Fifa acknowledged the protestors, but they have stressed that they will act to fix the situation and Thawadi’s words presents their recognition that the deaths cannot go on.

Have you tried new the Independent Digital Edition apps?
Caption competition
Caption competition
Latest stories from i100
Have you tried new the Independent Digital Edition apps?

Bleacher Report

Daily Quiz
SPONSORED FEATURES
Independent Dating
and  

By clicking 'Search' you
are agreeing to our
Terms of Use.

Day In a Page

A nap a day could save your life - and here's why

A nap a day could save your life

A midday nap is 'associated with reduced blood pressure'
If men are so obsessed by sex, why do they clam up when confronted with the grisly realities?

If men are so obsessed by sex...

...why do they clam up when confronted with the grisly realities?
The comedy titans of Avalon on their attempt to save BBC3

Jon Thoday and Richard Allen-Turner

The comedy titans of Avalon on their attempt to save BBC3
The bathing machine is back... but with a difference

Rolling in the deep

The bathing machine is back but with a difference
Part-privatised tests, new age limits, driverless cars: Tories plot motoring revolution

Conservatives plot a motoring revolution

Draft report reveals biggest reform to regulations since driving test introduced in 1935
The Silk Roads that trace civilisation: Long before the West rose to power, Asian pathways were connecting peoples and places

The Silk Roads that trace civilisation

Long before the West rose to power, Asian pathways were connecting peoples and places
House of Lords: Outcry as donors, fixers and MPs caught up in expenses scandal are ennobled

The honours that shame Britain

Outcry as donors, fixers and MPs caught up in expenses scandal are ennobled
When it comes to street harassment, we need to talk about race

'When it comes to street harassment, we need to talk about race'

Why are black men living the stereotypes and why are we letting them get away with it?
International Tap Festival: Forget Fred Astaire and Ginger Rogers - this dancing is improvised, spontaneous and rhythmic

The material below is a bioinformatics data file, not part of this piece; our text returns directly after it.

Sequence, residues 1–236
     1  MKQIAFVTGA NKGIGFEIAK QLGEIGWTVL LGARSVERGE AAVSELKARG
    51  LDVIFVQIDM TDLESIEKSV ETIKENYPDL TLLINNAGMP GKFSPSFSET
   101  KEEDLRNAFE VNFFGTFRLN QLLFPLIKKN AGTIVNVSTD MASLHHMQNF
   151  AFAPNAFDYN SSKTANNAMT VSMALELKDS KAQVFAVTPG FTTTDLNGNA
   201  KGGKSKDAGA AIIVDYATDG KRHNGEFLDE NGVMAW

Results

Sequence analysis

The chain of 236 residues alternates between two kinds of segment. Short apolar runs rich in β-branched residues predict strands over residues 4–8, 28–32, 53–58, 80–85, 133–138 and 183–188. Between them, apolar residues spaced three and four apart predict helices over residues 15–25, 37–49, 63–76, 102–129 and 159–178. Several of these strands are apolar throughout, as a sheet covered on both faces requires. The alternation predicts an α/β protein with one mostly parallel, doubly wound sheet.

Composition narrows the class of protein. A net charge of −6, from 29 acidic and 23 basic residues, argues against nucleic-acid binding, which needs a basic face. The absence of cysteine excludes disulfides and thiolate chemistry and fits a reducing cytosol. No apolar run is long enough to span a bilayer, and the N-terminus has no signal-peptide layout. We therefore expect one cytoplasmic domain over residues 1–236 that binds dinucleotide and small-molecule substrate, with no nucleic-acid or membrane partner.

International Tap Festival comes to the UK

Forget Fred Astaire and Ginger Rogers - this dancing is improvised, spontaneous and rhythmic
War with Isis: Is Turkey's buffer zone in Syria a matter of self-defence – or just anti-Kurd?

Turkey's buffer zone in Syria: self-defence – or just anti-Kurd?

Ankara accused of exacerbating racial division by allowing Turkmen minority to cross the border
Doris Lessing: Acclaimed novelist was kept under MI5 observation for 18 years, newly released papers show

'A subversive brothel keeper and Communist'

Acclaimed novelist Doris Lessing was kept under MI5 observation for 18 years, newly released papers show
Big Blue Live: BBC's Springwatch offshoot swaps back gardens for California's Monterey Bay

BBC heads to the Californian coast

The Big Blue Live crew is preparing for the first of three episodes on Sunday night, filming from boats, planes and an aquarium studio
Austin Bidwell: The Victorian fraudster who shook the Bank of England with the most daring forgery the world had known

Victorian fraudster who shook the Bank of England

Conman Austin Bidwell. was a heartless cad who carried out the most daring forgery the world had known
Car hacking scandal: Security designed to stop thieves hot-wiring almost every modern motor has been cracked

Car hacking scandal

Security designed to stop thieves hot-wiring almost every modern motor has been cracked
10 best placemats

Take your seat: 10 best placemats

Protect your table and dine in style with a bold new accessory